Tuesday 8 September 2020

Manancourt (our longest cruise in France)

Monday night in the middle of nowhere

We had a long day ahead on Sunday but couldn’t start too early as the locks on the first part of the journey didn’t open until 9.00am on Sundays: at least it meant we didn’t have to set an alarm. Before I start talking about the day, I must apologise for leaving a paragraph out of the last entry.  I’d mentioned that Cambrai didn’t live up to our expectations, but I’d omitted to say why.

I’d alluded to the fact that the town was far busier and that it didn’t have peaceful traffic-free squares that we’d expected.  What I’d forgotten to mention was that Lauren and our grandson Ellis were due to be staying with us for a few days, together with her good friend Emily, while we were in Cambrai.  With the current travel restrictions their trip had to be cancelled and for all these reasons we decided not to stay in Cambrai more than one night.

To reach the River Somme we first have to negotiate stretches of two large waterways which would be busy with freight traffic and with no real moorings for pleasure boats.  To get to the first, the Canal de la Sensée, we had to travel eight miles down the first navigable section of the River Escaut which starts at Cambrai.  This was essentially the same as the Canal de St-Quentin that finishes at Cambrai in that the locks were only large enough for Freycinet boats (39m) but it was a canalised river.  For that reason, it was quite bendy which was a welcome change from the long straights we’ve encountered recently on some of these northern canals.

On the canalised River Escaut

Around the village of Eswars we passed over 200 coot in the water which was an amazing sight.  I doubt we’ve seen more than 10 at once before.  I counted the first 100 and soon realised that wasn’t quite half of the ones we could see, hence the estimate of over 200. 
Passing the village of Eswars

We had to hand in our télécommande at the last lock on the River Escaut as the VHF radio has to be used to call up the locks on the larger waterways. 
Leaving the last lock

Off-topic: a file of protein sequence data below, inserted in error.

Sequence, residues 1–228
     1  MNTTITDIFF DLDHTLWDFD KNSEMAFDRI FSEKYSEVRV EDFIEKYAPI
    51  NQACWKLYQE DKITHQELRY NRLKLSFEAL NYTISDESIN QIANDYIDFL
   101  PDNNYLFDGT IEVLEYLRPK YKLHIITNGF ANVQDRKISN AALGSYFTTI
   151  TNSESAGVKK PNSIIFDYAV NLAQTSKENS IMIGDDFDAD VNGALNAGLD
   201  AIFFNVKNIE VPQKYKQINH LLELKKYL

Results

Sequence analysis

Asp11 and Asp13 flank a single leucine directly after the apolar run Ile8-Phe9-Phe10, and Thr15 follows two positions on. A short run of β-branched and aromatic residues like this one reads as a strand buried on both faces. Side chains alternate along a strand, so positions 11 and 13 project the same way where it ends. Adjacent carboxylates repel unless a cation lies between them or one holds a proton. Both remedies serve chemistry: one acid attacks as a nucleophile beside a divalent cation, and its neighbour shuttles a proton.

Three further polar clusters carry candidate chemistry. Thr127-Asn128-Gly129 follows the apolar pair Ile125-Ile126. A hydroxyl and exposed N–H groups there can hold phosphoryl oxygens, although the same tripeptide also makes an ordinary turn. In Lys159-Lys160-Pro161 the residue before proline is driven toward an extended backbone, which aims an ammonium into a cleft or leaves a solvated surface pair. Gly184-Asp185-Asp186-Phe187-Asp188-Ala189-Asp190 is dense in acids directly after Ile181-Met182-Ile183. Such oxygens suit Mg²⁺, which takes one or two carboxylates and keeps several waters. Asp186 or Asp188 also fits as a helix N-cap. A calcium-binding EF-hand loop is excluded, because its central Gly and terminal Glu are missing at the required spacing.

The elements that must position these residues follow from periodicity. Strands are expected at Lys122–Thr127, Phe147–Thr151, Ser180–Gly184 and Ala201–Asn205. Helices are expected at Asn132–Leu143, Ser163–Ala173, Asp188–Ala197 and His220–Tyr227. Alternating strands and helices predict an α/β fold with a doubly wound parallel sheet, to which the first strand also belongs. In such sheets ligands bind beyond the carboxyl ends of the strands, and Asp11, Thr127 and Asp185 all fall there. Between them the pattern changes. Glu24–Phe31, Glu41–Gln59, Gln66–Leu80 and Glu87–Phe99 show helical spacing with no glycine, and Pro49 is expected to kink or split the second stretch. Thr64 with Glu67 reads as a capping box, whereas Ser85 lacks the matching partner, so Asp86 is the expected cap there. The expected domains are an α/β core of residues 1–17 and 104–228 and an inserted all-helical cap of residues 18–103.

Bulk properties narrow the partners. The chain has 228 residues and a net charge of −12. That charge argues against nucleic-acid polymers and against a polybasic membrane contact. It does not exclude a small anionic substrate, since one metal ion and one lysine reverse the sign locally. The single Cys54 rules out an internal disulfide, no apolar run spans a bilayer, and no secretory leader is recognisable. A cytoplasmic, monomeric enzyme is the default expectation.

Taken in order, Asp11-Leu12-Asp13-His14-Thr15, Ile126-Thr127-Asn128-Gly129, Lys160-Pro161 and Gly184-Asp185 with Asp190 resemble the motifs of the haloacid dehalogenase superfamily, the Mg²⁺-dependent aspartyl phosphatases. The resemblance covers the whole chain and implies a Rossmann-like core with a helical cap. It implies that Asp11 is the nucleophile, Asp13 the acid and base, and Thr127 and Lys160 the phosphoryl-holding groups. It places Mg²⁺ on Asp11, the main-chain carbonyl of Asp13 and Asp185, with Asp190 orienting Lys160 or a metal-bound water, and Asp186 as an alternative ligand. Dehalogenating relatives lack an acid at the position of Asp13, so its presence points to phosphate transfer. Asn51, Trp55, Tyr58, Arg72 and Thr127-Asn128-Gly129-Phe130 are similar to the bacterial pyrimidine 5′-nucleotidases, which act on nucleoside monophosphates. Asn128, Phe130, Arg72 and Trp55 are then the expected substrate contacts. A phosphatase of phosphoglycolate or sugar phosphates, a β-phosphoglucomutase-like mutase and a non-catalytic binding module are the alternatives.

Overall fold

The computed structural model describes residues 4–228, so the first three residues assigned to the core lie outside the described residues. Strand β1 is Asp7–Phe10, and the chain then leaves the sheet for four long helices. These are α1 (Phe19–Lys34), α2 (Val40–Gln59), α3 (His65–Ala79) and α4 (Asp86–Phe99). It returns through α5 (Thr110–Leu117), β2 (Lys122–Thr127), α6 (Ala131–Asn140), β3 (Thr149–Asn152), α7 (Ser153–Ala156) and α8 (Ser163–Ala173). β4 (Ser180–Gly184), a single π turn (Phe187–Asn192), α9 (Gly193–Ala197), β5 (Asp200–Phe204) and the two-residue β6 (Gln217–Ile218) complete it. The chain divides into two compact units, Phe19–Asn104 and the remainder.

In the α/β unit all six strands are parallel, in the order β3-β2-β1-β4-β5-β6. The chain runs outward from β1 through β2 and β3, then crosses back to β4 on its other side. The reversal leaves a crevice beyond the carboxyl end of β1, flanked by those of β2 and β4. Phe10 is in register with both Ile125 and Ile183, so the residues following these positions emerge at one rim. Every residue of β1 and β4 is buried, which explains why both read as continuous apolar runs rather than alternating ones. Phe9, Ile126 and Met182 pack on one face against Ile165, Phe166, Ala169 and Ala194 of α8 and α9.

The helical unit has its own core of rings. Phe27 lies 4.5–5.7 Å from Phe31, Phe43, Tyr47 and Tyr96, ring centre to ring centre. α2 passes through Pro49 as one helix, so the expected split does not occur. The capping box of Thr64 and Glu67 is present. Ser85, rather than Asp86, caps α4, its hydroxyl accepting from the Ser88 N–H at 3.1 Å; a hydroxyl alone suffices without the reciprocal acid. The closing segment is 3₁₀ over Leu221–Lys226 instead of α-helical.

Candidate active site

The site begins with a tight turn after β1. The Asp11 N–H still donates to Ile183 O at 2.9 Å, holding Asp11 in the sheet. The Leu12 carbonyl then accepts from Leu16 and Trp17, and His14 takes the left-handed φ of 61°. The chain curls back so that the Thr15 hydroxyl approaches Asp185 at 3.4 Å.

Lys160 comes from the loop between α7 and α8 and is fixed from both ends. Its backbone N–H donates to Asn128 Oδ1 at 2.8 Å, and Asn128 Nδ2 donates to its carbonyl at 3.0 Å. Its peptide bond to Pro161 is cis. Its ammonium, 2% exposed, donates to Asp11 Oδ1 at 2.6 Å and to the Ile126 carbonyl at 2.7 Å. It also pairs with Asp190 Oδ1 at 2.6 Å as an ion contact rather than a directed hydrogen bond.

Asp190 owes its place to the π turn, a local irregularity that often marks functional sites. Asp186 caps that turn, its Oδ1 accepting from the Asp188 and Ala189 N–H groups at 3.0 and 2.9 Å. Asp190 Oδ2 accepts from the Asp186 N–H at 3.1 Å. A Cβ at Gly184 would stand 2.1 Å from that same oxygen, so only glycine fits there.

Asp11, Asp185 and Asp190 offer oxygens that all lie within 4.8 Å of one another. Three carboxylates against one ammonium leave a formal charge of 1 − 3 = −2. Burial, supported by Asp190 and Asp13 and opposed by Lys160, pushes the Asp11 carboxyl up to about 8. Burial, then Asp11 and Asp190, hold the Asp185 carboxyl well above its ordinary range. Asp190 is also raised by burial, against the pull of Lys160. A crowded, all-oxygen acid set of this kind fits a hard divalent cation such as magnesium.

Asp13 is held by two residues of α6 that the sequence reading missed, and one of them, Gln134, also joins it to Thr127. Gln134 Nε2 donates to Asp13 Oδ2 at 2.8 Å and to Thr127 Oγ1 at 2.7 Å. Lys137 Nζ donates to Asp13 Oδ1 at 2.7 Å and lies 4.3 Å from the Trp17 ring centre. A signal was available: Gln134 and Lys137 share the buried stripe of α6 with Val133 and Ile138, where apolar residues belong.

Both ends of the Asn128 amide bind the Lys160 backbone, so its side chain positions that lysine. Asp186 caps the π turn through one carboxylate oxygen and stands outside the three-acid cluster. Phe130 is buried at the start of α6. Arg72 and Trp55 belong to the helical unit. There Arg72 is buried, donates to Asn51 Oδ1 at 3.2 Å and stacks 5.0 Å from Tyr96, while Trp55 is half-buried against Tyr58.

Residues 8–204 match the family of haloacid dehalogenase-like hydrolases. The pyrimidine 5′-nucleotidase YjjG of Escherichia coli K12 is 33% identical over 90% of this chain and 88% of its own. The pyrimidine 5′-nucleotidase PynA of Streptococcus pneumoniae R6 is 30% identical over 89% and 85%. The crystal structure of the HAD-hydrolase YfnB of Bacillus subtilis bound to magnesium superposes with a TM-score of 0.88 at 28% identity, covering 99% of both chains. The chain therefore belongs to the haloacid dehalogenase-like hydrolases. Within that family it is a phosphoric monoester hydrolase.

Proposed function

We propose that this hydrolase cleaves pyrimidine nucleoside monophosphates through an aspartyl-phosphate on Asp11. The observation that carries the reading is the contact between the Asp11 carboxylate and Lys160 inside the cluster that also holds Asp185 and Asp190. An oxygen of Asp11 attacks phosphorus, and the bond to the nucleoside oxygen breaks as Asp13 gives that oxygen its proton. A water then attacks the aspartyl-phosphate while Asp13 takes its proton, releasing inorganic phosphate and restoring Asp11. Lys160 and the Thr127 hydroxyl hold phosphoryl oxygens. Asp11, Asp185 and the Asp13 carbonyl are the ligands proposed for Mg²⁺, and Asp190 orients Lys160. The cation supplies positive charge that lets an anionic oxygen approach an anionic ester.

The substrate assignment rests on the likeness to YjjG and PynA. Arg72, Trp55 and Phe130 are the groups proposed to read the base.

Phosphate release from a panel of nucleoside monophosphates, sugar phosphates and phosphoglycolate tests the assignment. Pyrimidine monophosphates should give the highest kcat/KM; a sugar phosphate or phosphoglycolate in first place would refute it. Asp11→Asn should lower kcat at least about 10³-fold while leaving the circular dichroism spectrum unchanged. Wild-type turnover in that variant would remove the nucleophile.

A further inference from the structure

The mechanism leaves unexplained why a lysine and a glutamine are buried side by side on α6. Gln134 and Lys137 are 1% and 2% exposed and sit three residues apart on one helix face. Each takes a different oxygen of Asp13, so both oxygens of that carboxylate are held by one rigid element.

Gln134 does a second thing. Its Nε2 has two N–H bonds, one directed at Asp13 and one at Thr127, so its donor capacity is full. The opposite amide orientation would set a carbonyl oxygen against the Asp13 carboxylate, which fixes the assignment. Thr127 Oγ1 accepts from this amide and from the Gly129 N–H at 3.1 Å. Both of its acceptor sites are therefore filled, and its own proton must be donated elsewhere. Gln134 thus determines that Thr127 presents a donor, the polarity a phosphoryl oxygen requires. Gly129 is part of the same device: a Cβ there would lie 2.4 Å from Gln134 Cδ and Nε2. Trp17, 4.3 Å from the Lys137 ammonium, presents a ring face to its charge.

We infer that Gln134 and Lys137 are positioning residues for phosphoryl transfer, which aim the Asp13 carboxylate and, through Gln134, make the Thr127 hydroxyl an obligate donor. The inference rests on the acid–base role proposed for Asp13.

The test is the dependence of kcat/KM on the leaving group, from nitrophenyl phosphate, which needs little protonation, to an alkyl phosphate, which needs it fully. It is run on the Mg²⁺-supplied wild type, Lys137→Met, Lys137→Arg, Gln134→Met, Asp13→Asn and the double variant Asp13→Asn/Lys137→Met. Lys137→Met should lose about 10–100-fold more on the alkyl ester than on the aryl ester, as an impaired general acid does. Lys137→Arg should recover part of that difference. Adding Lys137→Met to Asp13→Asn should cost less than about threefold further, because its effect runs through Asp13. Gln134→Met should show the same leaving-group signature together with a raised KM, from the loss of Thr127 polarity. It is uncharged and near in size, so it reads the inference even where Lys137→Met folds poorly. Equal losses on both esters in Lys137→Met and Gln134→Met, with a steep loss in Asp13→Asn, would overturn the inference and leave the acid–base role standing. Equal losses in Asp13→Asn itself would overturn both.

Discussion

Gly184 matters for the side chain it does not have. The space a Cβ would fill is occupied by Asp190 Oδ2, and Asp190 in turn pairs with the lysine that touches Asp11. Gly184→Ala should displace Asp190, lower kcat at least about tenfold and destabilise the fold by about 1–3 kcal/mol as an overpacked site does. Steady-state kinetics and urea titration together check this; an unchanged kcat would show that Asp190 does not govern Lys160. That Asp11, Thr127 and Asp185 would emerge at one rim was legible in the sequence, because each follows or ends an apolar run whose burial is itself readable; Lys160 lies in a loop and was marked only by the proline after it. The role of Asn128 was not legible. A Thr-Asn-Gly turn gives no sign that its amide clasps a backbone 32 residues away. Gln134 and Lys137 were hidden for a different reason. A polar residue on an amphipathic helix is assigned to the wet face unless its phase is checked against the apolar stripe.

Just after leaving that lock, we passed a commercial which made us realise we’d not seen a boat on the move for four days; this, of course, was all about to change.  Before joining the Canal de la Sensée we went through Estron which has a large port called le Basin Rond.  It was full of pleasure cruisers along one side and larger, mainly residential, boats along the other. 
Entering Basin Rond

Leaving Basin Rond

The Basin Rond was originally part of the Canal de la Sensée but was bypassed when the canal was deepened and widened in 1968 and is now a quiet backwater  We soon arrived at the current junction with the Canal de la Sensée which is part of a major link for boats up to 140m long by 11m wide between Dunkerque and Antwerp on the Scheldt, as l’Escaut is known in Belgium and Holland.  I know we encountered even larger boats on the Seine last year, but it’s been a while since we’ve met anything larger than the 39m commercials.  That’s why we set out on a Sunday as there should have been fewer boats on the move. 
About to join the Canal de la Sensée

We had about nine miles to travel westwards on this canal before we reached the junction with the Canal du Nord where we would start heading south.  The canal was lovely and wide, so we had no worries about meeting large boats. 
The wide Canal de la Sensée

The first boat we met was a Freycinet péniche with an even larger one attached to the front making 86m in total (the lengths have to be clearly visible on the side).  We remembered then that a great many of the boats we’ve seen on the larger rivers have been made up of two or three barges strapped together.

Longer boats than we’ve been used to this year

The kilometre posts on the Canal de la Sensée were the largest we’ve come across and there was no danger of missing them. Each half kilometre was indicated by a large black cross. 
With fishermen to give some scale

After that first boat, they started passing by at seemingly regular intervals which was contrary to our expectations as it was a Sunday. With no locks until we reached the junction where we were turning south it didn’t take long to cover the eight miles.  As we approached the junction with the Canal du Nord to find somewhere to moor for lunch we could see some real big boys moored on the far side: